Travel Guide: Florence, Italy
Explore way beyond the obvious tourist sites with our guide to Florence’s must-sees
- By Tom Powell -
The best alternative things to do in Florence
See street art
Forget Michelangelo, da Vinci, Titian and the rest for a minute, because if you want to get to grips with the bustling modern heart of the city, you're going to have to look a little more carefully. Florence isn't exactly full of graf tags (let's face it, when a city is built on pristine 14th-century buildings, it's not gonna hang around) but if you keep your eyes on the road signs as you go about your day, you'll notice pieces by local legend Clet Abraham, whose quirky sign hacks have spread all across Europe. Fancy a souvenir? Hit up his studio in San Niccolo.
While it's the renaissance art-packed Uffizi and Accademia that pull in the biggest load of punters in Florence, sometimes it pays to do something a little different – enter La Specola. Almost as old as the city's two big hitters, and with a lot less pomp, the museum is home to one of the world's biggest collections of anatomical waxworks – which basically means a super-informative, antique and slightly creepy look at the inner workings of the human body. Needless to say, it's not a place for the squeamish (or to linger in a museum café).
Easy Living Urban Beach
The perfect tonic to a boiling-hot clamber up to Florence's prime viewing platform and Insta spot the Piazzale Michelangelo, the city's urban beach takes up residence in the shadow of the San Niccolo tower throughout the summer months on the less tourist-laden southeast side of the city. Have a drink on the terrace, grab a lounger or shuffle to the DJs down on the beach, or take an afternoon yoga lesson on the sand under the Tuscan sun. It might not quite be a slice of the Italian seaside, but it's still bliss. Easylivingfirenze.it
Where to stay in Florence
Less a hotel and more like staying in an eccentric mate's Florentine palazzo, this 12-room guesthouse between the Duomo and Santa Maria Novella station is eclectic, original and quirky. Each of the rooms takes on a different theme and runs with it. From ramshackle rooms with exhibition posters to deep red, old-time-Italian style lodgings, each room has a distinctive character – and access to an honesty fridge full of bubbly, wine and soft drinks for those remove-the-sandals-it's-been-a-long-afternoon moments. From £107. sawdays.co.uk
When the city gets too hot, the rule in Tuscany is head for the hills, and this lavishly appointed 15th-century villa perched discretely among the greenery out to the north of Florence is the perfect place to escape to. Expect a two-tiered outdoor pool (pictured) that'll let you admire the city's skyline from a glorious and much less frantic remove, as well as gorgeous, cavernous rustic-meets-luxe rooms with 19th-century frescoes and hotel art that's actually worth something. Not bad.
From £247. mrandmrssmith.com
The cosiest of a group of four luxury properties that straddle the River Arno near the Ponte Vecchio, Hotel Lungarno was given a new lick of paint (and then some) and reopened earlier this year. Prime location river views come as standard, and so do fine-dining options which range from the hotel's Michelin-starred, 900-wines-in-the-cellar restaurant to private dining experiences on a riverside terrace. Our only worry is that they might not serve spag bol, though – we're sorry about that.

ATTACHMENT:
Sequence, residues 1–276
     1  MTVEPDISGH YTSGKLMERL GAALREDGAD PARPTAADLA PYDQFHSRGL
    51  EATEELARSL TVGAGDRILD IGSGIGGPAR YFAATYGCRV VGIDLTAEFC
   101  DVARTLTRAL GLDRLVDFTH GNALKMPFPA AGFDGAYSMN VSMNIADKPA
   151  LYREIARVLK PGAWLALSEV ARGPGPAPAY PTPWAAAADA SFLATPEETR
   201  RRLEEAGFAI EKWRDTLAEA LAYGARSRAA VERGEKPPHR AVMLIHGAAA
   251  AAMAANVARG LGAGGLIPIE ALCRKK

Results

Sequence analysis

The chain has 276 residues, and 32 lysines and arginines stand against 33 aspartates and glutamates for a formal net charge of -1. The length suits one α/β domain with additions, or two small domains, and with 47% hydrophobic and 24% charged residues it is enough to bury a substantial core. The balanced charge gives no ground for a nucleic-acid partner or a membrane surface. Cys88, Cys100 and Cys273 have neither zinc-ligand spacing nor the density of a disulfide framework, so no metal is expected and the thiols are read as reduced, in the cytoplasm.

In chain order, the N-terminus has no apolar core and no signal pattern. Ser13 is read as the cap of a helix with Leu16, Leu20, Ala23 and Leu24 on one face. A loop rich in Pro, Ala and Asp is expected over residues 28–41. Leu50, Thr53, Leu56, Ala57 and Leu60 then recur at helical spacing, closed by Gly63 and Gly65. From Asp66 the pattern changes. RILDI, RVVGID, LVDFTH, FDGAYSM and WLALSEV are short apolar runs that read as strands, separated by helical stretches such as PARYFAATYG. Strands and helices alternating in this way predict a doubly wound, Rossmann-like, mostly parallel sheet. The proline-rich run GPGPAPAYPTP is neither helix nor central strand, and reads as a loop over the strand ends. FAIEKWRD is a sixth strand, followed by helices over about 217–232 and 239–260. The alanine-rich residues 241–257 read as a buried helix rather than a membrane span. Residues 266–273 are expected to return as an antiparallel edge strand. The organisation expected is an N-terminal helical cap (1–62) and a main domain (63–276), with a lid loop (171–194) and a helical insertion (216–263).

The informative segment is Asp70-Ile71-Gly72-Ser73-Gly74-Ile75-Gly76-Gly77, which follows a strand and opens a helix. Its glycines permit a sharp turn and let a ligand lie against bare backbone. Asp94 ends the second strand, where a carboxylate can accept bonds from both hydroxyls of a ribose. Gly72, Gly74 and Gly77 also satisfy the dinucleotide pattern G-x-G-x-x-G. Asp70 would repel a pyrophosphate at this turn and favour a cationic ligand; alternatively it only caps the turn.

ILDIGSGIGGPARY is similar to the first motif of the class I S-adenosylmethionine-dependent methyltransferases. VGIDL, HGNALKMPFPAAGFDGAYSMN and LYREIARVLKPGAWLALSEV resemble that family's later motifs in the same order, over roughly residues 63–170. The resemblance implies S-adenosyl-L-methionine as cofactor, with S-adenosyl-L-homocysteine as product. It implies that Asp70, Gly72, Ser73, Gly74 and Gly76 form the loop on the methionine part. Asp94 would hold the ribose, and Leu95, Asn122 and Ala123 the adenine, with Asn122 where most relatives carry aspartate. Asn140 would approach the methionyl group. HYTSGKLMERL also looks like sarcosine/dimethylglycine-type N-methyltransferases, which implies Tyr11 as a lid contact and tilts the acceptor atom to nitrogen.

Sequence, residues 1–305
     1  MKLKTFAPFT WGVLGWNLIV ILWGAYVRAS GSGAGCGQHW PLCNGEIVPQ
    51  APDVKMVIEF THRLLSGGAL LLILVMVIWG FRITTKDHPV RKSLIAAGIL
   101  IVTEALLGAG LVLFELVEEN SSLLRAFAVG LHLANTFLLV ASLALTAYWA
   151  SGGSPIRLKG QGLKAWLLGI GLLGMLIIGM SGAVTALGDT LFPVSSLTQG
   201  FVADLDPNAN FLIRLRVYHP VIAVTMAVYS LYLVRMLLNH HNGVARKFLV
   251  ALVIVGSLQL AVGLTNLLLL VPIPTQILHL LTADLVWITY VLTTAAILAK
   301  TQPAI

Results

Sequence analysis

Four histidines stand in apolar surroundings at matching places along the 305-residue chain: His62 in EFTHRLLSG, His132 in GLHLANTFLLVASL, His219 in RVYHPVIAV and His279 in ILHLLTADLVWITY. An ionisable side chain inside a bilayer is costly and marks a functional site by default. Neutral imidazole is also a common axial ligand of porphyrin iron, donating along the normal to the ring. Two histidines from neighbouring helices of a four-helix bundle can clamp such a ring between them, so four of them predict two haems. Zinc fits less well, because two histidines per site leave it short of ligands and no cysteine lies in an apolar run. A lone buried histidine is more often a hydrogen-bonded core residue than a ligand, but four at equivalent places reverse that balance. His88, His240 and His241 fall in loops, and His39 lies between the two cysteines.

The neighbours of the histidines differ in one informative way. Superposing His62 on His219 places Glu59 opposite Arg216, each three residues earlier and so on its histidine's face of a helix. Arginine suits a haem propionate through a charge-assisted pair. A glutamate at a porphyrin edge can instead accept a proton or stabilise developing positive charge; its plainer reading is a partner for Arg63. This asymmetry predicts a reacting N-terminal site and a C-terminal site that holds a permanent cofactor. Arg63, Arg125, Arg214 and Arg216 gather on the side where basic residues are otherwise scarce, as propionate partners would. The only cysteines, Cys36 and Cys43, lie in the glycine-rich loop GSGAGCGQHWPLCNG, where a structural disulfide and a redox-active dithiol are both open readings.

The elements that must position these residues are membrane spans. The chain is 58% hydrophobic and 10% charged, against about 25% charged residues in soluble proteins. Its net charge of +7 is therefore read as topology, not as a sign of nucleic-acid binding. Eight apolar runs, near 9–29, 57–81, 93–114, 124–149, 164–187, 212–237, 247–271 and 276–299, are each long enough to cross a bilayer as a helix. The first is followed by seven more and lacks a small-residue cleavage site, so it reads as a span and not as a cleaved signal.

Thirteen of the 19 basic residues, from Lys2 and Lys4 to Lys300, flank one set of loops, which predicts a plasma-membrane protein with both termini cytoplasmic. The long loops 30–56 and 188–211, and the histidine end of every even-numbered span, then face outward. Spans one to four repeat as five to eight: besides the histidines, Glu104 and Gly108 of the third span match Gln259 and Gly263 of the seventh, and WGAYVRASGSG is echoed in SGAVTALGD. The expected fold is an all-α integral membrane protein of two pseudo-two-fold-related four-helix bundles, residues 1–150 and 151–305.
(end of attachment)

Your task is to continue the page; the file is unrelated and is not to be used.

From £320. lungarnocollection.com
Where to eat and drink in Florence
Boldly dubbed one of Italy's finest places for street food, All'Antico Vinaio is your ideal lunching spot if you love cured meat and ciabattas the size of your head, and don't mind sitting on the pavement while you eat. You'll find the postage stamp-sized deli on Via Dei Neri (look for the people chomping giant sarnies), which isn't far from the Uffizi, which means it's the perfect fuel for tackling that round-the-block queue. Thinly sliced fennel sausage and creamed artichoke never tasted so, well, arty. Via dei Neri, 74/R; allanticovinaio.com
Il Santo Bevitore
In the less-trodden streets to the west of the Ponte Vecchio, this serene, high-end restaurant is everything you love about Italian cooking, but with some interesting modern twists. Expect cured meats on regionally organised platters, fresh pasta with less classic Italian ingredients like cuttlefish or pig's cheek. And then there are the mains… raw scampi with burrata and wasabi; scallops with white polenta and lemon chutney; and wild boar with white asparagus and plums. It'll do, we guess. Via di Santo Spirito, 64/66; ilsantobevitore.com
Way back in 1919, Count Camillo Negroni decided he fancied adding a gin kick to his americano cocktail in this high-class café near the Duomo, and just like that, the negroni was born. Nowadays, it's still as brushed up, with marble counters, an upmarket clientele and (strangely) a Roberto Cavalli boutique in part of the building. But that doesn't make it any less worthy of a visit for cocktail aficionados, fans of Italian nobles or those who like a punchy tipple in the middle of the afternoon. Via della Spada, 10r; caffegiacosa.it
British Airways flies from London Gatwick to Florence from around £140 return. britishairways.com
Enoteca Palazzo Pitti
About five minutes from the Ponte Vecchio opposite the Palazzo Pitti, this small wine shop and restaurant boasts floor-to-ceiling shelves of small production, high-end booze and (importantly) a super informative team of waiters who'll help you navigate the terroirs of Italy, and discover all the flavours you favour. With tons of classic (and pleasantly curveball) Italian wines by the glass or bottle, it's great for a lunchtime pick-me-up, or sipping your way around the country with a paired dish for each glass. Piazza de' Pitti, 16; pittigolaecantina.com